The Style Invitational circulates every year as the “Mensa Invitational” – a humorous collection of word play. If you have not encountered this before, it started in the late 1990’s as the Style Invitational at the Washington Post. I gather that MENSA enjoys the humor as well, and to set the record straight MENSA has devoted a web page to “Mensa Invitational” debunked
A Washington Post humor column titled “The Style Invitational” runs a series of popular contests, some of which since 1998 have featured taking any word; adding, subtracting or changing one letter; and creating a new word as well as its definition. As you would expect, many of the entries are clever and relevant — which is probably why someone who is now lost to the mists of time grabbed an early set of winners, changed the title to include a reference to Mensa, and sent it floating out into the Internet ether.
The revised “article” continues to circulate to this day on various Web sites, blogs and social networking sites, as well as in email. Looking at the Style Invitational’s “report from Week 278,” you’ll see that many of the original responses mirror the list of words on the purported “Mensa Invitational” — including “intaxication,” “bozone,” “foreploy” and “glibido.” Since 2005 or earlier, the “Mensa Invitational” has been suspected to be a hoax but no confirmation has ever been made prior to this. So we’re here to debunk this urban legend.
Neither American Mensa, nor any other Mensa entity, has ever been affiliated with The Washington Post’s “Style Invitational” column and/or its contests, to the best of our knowledge. It wouldn’t surprise us if many of our members have entered the contests — and perhaps even have won — but that would be the limit of the interaction.
Because we appreciate their humor, we encourage the enthusiastic wordsmiths who continue to send American Mensa their new words and definitions to read and enter The Washington Post’s “Style Invitational” contest. At the same time, we also heartily encourage them to consider joining American Mensa! We think they’d be at home here.
The Washington Post’s Mensa invitational once again asked readers to take any word from the dictionary, alter it by adding, subtracting, or changing one letter, and supply a new definition. Here are the 2009 winners:
1. Cashtration (n.): The act of buying a house, which renders the subject financially impotent for an indefinite period of time.
2. Ignoranus : A person who’s both stupid and an asshole.
3. Intaxication : Euphoria at getting a tax refund, which lasts until you realize it was your money to start with.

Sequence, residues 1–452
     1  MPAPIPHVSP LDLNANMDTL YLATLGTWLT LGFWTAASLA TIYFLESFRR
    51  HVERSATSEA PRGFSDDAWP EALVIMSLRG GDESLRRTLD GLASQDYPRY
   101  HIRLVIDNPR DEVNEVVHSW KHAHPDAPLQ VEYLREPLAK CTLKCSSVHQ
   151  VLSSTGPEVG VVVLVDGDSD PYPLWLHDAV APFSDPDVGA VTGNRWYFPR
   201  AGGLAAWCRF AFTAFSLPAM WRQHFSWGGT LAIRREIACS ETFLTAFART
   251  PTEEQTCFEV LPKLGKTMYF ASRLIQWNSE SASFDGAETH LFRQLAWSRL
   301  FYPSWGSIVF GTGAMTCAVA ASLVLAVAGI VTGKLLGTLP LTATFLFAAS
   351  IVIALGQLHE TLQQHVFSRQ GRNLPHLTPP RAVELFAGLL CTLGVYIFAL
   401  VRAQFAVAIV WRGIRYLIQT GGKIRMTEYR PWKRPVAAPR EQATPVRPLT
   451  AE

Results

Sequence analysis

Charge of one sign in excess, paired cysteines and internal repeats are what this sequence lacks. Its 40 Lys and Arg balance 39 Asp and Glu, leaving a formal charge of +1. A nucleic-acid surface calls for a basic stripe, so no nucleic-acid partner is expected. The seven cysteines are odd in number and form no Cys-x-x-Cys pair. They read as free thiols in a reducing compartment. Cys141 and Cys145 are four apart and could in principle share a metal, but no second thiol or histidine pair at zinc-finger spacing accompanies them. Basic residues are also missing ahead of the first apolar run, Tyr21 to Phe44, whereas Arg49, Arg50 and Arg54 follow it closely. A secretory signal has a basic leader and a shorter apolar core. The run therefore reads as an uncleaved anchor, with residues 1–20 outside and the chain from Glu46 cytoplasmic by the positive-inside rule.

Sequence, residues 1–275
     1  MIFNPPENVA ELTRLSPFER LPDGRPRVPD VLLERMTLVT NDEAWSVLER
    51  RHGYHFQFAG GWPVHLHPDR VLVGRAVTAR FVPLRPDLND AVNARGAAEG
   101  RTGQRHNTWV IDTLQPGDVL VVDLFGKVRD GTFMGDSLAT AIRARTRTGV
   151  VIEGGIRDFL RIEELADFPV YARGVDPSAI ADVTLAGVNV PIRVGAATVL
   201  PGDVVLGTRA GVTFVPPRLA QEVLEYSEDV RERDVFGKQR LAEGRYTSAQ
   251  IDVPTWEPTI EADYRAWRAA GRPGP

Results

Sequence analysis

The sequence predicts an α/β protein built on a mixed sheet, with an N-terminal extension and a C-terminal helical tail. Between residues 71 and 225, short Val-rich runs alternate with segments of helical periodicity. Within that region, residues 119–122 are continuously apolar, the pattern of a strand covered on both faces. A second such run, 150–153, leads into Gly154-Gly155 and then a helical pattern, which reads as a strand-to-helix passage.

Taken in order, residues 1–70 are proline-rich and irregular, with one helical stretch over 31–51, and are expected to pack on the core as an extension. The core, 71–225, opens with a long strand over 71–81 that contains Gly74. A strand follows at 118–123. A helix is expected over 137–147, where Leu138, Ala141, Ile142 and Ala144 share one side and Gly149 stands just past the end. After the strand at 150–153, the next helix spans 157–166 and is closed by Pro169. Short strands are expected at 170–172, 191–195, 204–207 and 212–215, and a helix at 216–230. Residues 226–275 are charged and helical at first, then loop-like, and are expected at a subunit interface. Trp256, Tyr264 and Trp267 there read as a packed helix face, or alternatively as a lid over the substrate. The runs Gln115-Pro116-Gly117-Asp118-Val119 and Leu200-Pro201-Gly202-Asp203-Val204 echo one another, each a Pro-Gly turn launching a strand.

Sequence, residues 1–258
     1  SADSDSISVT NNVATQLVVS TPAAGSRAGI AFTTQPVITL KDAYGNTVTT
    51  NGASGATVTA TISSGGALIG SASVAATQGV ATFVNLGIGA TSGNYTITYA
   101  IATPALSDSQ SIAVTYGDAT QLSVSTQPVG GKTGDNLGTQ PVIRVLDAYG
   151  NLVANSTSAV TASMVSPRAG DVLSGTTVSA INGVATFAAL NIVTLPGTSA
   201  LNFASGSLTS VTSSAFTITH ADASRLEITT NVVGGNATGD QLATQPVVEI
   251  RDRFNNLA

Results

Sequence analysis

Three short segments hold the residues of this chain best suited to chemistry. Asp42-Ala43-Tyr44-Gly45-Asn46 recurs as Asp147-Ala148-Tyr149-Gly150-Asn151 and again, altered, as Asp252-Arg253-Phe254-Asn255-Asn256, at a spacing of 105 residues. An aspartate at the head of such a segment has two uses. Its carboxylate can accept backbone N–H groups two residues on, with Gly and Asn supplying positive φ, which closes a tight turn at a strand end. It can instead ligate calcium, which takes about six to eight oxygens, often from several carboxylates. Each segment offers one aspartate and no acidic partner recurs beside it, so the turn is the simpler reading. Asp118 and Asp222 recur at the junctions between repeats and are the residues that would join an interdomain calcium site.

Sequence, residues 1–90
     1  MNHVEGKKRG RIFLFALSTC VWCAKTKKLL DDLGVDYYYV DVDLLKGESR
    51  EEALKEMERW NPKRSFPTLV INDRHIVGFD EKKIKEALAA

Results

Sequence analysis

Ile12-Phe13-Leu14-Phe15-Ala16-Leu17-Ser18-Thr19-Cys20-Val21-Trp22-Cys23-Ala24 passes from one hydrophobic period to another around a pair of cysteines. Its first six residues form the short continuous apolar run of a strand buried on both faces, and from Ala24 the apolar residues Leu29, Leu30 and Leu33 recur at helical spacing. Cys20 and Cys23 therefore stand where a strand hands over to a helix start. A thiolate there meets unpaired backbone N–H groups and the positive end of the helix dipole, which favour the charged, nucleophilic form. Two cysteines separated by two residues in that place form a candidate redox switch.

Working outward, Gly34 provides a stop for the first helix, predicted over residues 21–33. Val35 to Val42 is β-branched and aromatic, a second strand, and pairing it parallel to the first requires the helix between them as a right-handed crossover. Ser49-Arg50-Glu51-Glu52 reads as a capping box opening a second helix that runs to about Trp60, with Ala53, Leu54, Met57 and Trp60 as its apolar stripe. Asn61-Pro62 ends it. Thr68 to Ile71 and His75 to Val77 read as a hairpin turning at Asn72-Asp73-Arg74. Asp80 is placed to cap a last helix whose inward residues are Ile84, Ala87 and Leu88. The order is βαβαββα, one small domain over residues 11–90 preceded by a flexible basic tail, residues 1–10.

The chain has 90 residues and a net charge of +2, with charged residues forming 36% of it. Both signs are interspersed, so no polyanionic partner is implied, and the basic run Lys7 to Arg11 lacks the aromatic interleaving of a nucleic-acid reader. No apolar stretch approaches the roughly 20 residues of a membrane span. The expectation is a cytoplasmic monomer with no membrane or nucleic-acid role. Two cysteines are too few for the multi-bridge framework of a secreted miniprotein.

4. Reintarnation : Coming back to life as a hillbilly.
5. Bozone (n.): The substance surrounding stupid people that stops bright ideas from penetrating. The bozone layer, unfortunately, shows little sign of breaking down in the near future.
6. Foreploy : Any misrepresentation about yourself for the purpose of getting laid.
7. Giraffiti : Vandalism spray-painted very, very high.
8. Sarchasm : The gulf between the author of sarcastic wit and the person who doesn’t get it.
9. Inoculatte : To take coffee intravenously when you are running late.
10. Osteopornosis : A degenerate disease. (This one got extra credit.)
11. Karmageddon : It’s like, when everybody is sending off all these really bad vibes, right? And then, like, the Earth explodes and it’s like, a serious bummer.
12. Decafalon (n.): The gruelling event of getting through the day consuming only things that are good for you.
13. Glibido : All talk and no action.
14. Dopeler Effect: The tendency of stupid ideas to seem smarter when they come at you rapidly.
15. Arachnoleptic Fit (n.): The frantic dance performed just after you’ve accidentally walked through a spider web.
16. Beelzebug (n.) : Satan in the form of a mosquito, that gets into your bedroom at three in the morning and cannot be cast out.
17. Caterpallor ( n.): The color you turn after finding half a worm in the fruit you’re eating.
The Washington Post has also published the winning submissions to its yearly contest, in which readers are asked to supply alternate meanings for common words. And the winners are:
1. Coffee , n. The person upon whom one coughs.
2. Flabbergasted , adj. Appalled by discovering how much weight one has gained.
3. Abdicate , v. To give up all hope of ever having a flat stomach.
4. Esplanade , v.. To attempt an explanation while drunk.
5. Willy-nilly , adj. Impotent.
6. Negligent , adj. Absentmindedly answering the door when wearing only a nightgown.
7. Lymph , v. To walk with a lisp.
8. Gargoyle , n. Olive-flavored mouthwash.
9. Flatulence , n. Emergency vehicle that picks up someone who has been run over by a steamroller.
10. Balderdash , n. A rapidly receding hairline.
11. Testicle , n. A humorous question on an exam.
12. Rectitude , n. The formal, dignified bearing adopted by proctologists.
13. Pokemon , n.. A Rastafarian proctologist.
14. Oyster , n. A person who sprinkles his conversation with Yiddishisms.
15. Frisbeetarianism , n. The belief that, after death, the soul flies up onto the roof and gets stuck there.
16. Circumvent , n. An opening in the front of jockey shorts worn by Jewish men